Thursday, January 12, 2012

First Salvo

Focusing at the outset on their immediate bearing, my program comes now to be launched by a hitherto missing chapter – featuring a three-fold “incredulous stare” extending beyond David Lewis to Graham Priest and Timothy Williamson – that could hardly be closer to home.  So much closer in fact that, far from harking back to what we conventionally call “history of philosophy”, this incredulous stare on steroids might well be felt to challenge us with hot off the press “philosophy proper”, sticking with the convention.
            With the original incredulous stare seen to be addressed to Lewis’s modal realism, it must surely be elicited at least as much by Priest’s insistence that the Liar Paradox succeeds in delivering a sentence that is at once true and false.  Ditto for Williamson’s insistence that, absent a single penny, a rich man can cease to qualify as rich.  Even without any precipitous decline in the nation’s currency.
            As to whether we might combine our three philosophers into something more than a mere potpourri, distinguish between the varying extension of “rich” in all relevant worlds and its constant intension pegged to its single-penny sharp line dividing non-rich from rich.  Although Lewis insists, tendentiously, on singling out our world as the only “actual” one, anyway relative to us, this proves to be hardly more than a verbal distraction when elucidating how Humphrey would have won the presidential election over Nixon, by calling him out for his behind-the-scenes, illegal approaches to the Viet Cong.  Relying on “Actuality entails possibility” as the only substantive, uncontroversial principle of modality, a very real duplicate of Humphrey but for the fact that he really does call out a duplicate Nixon for approaching a duplicate Viet Cong, in a world the laws of nature of which duplicate our own, Lewis does succeed in providing plausible truth conditions for this “would have”.  Even Quine, despite his famous misgivings over modality, might concede as much, even while protesting that in the absence of any independent, robust evidence for the “actual”, temporally as well as spatially disconnected existence of these duplicates.  Lewis’s rationale for contrary-to-fact modality must wither in the face of . . . an incredulous stare.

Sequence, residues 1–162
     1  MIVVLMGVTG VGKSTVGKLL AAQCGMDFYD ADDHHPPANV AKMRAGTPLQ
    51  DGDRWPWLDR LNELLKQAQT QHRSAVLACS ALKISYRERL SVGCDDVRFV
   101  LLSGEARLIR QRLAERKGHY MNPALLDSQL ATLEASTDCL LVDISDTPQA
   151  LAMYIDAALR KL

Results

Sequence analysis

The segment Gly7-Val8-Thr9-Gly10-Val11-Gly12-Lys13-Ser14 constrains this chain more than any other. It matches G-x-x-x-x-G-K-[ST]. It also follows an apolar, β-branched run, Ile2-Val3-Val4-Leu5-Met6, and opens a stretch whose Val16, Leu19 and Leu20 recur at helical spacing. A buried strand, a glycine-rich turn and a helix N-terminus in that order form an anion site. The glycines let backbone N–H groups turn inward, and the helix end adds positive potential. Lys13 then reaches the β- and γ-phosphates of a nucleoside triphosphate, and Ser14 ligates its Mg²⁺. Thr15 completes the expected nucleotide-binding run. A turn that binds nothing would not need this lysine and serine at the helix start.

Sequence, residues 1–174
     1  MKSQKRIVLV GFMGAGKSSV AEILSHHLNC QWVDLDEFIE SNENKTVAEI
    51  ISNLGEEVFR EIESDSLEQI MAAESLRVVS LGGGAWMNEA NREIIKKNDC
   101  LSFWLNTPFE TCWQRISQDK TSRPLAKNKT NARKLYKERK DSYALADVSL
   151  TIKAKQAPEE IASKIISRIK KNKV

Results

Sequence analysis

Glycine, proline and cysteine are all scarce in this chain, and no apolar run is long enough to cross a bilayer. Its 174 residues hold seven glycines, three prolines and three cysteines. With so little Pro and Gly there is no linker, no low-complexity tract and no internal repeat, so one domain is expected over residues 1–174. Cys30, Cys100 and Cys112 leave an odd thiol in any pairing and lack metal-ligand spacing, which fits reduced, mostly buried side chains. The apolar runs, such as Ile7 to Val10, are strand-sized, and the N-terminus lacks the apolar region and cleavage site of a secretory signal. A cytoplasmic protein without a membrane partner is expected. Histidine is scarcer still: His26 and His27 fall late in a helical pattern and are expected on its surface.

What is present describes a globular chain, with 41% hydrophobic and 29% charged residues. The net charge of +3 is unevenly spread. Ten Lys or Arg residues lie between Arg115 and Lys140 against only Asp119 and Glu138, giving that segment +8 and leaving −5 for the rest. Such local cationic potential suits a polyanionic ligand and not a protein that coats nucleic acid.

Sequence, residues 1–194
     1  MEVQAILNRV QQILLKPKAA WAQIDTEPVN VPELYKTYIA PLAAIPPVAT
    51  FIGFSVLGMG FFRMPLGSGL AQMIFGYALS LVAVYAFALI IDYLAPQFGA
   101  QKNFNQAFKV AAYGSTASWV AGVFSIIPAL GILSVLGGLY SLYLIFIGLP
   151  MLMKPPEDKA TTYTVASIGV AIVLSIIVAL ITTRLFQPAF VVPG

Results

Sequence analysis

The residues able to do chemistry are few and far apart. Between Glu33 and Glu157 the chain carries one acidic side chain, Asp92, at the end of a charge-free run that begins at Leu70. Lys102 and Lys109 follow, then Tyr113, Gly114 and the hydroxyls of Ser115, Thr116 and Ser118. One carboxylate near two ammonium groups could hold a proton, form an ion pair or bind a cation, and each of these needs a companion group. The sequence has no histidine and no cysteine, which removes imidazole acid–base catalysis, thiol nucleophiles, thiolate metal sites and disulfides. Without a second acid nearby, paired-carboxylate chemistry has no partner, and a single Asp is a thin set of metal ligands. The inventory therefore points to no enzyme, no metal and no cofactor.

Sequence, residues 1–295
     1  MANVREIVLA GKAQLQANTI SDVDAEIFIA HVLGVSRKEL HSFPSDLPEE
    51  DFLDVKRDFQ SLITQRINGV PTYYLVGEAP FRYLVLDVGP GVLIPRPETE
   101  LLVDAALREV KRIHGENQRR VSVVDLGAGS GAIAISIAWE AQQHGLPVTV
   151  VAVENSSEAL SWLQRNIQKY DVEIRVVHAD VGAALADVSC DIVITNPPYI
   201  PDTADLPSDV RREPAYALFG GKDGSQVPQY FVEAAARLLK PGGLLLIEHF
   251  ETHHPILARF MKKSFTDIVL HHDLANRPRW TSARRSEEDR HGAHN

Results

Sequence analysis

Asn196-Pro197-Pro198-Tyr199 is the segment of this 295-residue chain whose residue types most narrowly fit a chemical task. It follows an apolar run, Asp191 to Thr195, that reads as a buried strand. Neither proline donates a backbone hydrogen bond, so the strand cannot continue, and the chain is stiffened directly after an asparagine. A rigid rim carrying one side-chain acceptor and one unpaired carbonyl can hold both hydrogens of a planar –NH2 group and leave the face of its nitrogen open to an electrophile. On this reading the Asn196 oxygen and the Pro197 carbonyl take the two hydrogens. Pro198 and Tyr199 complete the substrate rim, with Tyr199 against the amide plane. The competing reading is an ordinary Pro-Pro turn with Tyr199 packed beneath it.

That an omnibus three fold version of this stare threatens to undermine the logico-linguistic core of analytical philosophy itself, only goes to show how, even now, we might understand what it would be like for someone to be actively engaged in writing a first draft of “The Last Chapter in the history of philosophy”.  In a quite personal vein, let me just add that I should be very surprised to learn that I have written this first draft.  To the contrary, I look forward to fighting in the trenches, keeping that outcome at bay.

1 comment:

  1. Will this be a series here? I look forward to that possibility.